UK mother jailed for adultery loses child custody fight
DUBA: March 24, 2009
A British mother jailed for adultery has been refused custody of her two sons as she awaits deportation.
Marnie Pearce, 40, was hoping her children aged eight and four would be returned to her, despite her conviction. Adultery is a criminal offence in the UAE.
But after two failed appeals in the criminal courts, Dubai’s family court today decided to award full custody of her sons to their father, Ihab el Labban, 42.
She will not be allowed to remain in the country after completing her three-month sentence in April.
A friend of Pearce said: “We have been advised that under Sharia law Marnie still has a right to see the boys. However, if she is deported to the UK that will not apply, so we will continue to try to stop the deportation, allowing her to remain in the UAE. That will mean she is able to see the children.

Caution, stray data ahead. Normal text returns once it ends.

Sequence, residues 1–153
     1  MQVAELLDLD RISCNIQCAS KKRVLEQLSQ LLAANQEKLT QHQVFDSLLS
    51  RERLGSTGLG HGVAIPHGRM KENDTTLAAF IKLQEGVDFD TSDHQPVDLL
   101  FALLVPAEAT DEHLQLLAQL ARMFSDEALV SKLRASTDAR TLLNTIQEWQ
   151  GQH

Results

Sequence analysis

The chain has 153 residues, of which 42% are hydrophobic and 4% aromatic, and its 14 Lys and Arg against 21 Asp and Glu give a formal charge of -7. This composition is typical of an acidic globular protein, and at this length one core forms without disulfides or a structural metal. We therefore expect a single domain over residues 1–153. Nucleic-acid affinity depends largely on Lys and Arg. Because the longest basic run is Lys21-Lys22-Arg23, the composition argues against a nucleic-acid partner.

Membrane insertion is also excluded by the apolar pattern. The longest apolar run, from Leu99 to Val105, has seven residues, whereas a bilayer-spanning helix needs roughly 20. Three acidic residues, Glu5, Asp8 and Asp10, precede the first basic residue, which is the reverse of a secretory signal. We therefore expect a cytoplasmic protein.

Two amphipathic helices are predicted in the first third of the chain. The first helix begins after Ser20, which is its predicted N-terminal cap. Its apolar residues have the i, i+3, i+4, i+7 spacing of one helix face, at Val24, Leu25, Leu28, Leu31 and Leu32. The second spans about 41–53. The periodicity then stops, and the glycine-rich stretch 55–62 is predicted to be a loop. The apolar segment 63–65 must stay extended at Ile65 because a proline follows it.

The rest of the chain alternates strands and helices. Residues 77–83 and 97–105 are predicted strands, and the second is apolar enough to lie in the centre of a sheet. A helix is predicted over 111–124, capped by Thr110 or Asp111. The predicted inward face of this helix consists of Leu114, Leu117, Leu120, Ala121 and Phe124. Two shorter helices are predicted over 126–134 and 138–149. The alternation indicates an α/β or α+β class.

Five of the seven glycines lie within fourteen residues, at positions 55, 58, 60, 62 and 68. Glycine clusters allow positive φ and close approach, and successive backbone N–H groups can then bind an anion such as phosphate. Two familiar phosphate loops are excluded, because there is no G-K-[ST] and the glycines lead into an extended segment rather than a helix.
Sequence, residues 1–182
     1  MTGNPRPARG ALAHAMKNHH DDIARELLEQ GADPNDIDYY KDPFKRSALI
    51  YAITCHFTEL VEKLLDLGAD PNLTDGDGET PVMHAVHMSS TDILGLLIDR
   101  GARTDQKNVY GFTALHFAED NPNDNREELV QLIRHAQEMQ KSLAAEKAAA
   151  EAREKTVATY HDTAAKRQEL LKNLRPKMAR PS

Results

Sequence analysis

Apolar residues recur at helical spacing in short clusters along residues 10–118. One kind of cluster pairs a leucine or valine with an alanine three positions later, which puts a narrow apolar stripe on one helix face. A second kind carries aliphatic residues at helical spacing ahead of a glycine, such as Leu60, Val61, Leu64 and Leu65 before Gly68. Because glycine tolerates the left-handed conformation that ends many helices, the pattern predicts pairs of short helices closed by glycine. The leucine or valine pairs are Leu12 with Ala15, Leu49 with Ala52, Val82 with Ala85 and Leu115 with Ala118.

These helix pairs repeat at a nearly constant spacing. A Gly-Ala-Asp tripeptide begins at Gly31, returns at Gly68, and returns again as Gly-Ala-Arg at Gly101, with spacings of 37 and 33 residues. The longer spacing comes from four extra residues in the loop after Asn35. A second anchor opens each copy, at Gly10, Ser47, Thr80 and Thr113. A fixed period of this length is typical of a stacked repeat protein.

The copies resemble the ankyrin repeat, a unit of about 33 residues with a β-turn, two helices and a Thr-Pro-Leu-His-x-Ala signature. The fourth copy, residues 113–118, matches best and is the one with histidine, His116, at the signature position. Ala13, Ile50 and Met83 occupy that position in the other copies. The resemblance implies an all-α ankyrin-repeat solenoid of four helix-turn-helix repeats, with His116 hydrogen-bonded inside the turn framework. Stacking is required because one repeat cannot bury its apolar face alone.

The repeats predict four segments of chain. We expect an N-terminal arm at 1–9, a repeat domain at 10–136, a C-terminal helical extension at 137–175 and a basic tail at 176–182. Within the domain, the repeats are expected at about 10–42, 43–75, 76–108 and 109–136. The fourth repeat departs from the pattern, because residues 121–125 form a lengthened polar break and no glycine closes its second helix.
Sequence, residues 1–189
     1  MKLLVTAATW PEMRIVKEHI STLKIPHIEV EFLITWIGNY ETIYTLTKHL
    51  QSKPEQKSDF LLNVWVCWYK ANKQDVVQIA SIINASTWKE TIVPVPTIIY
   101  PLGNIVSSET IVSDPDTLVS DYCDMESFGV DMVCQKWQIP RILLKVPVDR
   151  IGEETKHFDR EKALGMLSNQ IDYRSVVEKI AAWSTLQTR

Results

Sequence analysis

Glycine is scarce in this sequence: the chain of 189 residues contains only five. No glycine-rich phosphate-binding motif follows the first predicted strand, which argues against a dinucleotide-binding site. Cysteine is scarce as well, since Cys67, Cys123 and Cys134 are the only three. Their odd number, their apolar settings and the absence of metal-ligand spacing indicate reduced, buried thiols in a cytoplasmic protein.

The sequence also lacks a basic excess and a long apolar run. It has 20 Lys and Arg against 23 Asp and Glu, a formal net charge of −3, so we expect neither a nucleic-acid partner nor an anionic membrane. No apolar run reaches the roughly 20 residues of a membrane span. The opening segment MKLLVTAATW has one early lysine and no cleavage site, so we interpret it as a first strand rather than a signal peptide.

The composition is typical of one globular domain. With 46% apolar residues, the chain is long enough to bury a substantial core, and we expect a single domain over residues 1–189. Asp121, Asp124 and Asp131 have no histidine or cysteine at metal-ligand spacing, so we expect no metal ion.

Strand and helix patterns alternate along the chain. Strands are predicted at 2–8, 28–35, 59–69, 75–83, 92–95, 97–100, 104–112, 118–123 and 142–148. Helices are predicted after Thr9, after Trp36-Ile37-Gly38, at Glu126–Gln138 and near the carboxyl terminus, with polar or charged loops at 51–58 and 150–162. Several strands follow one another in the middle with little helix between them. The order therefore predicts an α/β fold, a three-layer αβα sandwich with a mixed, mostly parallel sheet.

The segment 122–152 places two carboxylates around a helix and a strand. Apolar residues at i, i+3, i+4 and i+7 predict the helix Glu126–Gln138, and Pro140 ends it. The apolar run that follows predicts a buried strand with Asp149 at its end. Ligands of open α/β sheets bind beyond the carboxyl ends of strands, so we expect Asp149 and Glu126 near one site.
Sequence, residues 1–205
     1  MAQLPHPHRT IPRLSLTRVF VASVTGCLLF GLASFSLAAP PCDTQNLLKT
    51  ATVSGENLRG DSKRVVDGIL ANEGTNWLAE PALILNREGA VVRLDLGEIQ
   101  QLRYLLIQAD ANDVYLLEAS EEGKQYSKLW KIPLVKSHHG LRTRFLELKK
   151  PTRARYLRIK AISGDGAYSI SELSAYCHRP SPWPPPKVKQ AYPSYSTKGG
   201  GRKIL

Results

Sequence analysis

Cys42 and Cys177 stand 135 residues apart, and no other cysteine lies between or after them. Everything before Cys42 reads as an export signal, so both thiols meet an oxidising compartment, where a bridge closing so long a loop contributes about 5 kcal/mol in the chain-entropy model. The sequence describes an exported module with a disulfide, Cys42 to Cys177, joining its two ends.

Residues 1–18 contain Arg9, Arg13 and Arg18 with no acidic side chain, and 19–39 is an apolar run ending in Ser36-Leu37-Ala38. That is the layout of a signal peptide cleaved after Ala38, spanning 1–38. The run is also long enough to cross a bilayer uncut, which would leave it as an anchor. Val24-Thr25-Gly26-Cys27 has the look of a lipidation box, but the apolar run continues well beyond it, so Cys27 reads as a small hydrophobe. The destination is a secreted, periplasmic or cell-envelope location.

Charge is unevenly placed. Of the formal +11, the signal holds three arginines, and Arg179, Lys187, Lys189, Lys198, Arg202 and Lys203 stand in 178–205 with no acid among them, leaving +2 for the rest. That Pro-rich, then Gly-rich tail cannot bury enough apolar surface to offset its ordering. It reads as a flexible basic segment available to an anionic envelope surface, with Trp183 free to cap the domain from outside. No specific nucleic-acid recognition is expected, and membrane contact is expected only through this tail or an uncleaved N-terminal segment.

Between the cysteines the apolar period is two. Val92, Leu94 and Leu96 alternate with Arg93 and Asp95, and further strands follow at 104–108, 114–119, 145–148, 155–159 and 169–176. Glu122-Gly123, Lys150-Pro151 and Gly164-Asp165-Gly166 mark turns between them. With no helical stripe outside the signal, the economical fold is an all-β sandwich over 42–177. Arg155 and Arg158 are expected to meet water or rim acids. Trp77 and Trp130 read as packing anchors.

“We expected this outcome because of her conviction, but she is determined to still fight to see the children.”
Pearce is not thought to have been present during the hearing, where she was represented by her lawyer, Samira Gargash.
Mr el Labban is understood to have filed a suit for Dh20,000 (US$5,450) in damages against her for defamation of character because of the highly publicised nature of their split, which has attracted attention around the world.
The couple separated in Dec 2007. Mr el Labban filed for custody in Feb 2008, then accused her of adultery. She denied the charge but was convicted in November last year and sentenced to six months in jail. The jail sentence was halved on appeal in January.
Pearce went on the run with the children for a month but surrendered to police in time to fight a second and final appeal last week, which she lost.
Since she was imprisoned in February, friends say she has lost weight and fear she may be close to a breakdown. One said: “She is very up and down. Although she has not seen the boys, they have phoned her about seven times.”
British Embassy officials have asked the Attorney General to review the case and waive the deportation. Amnesty International and Fair Trials International have also backed her, saying the interests of the children must come first.
Mr el Labban was not available for comment.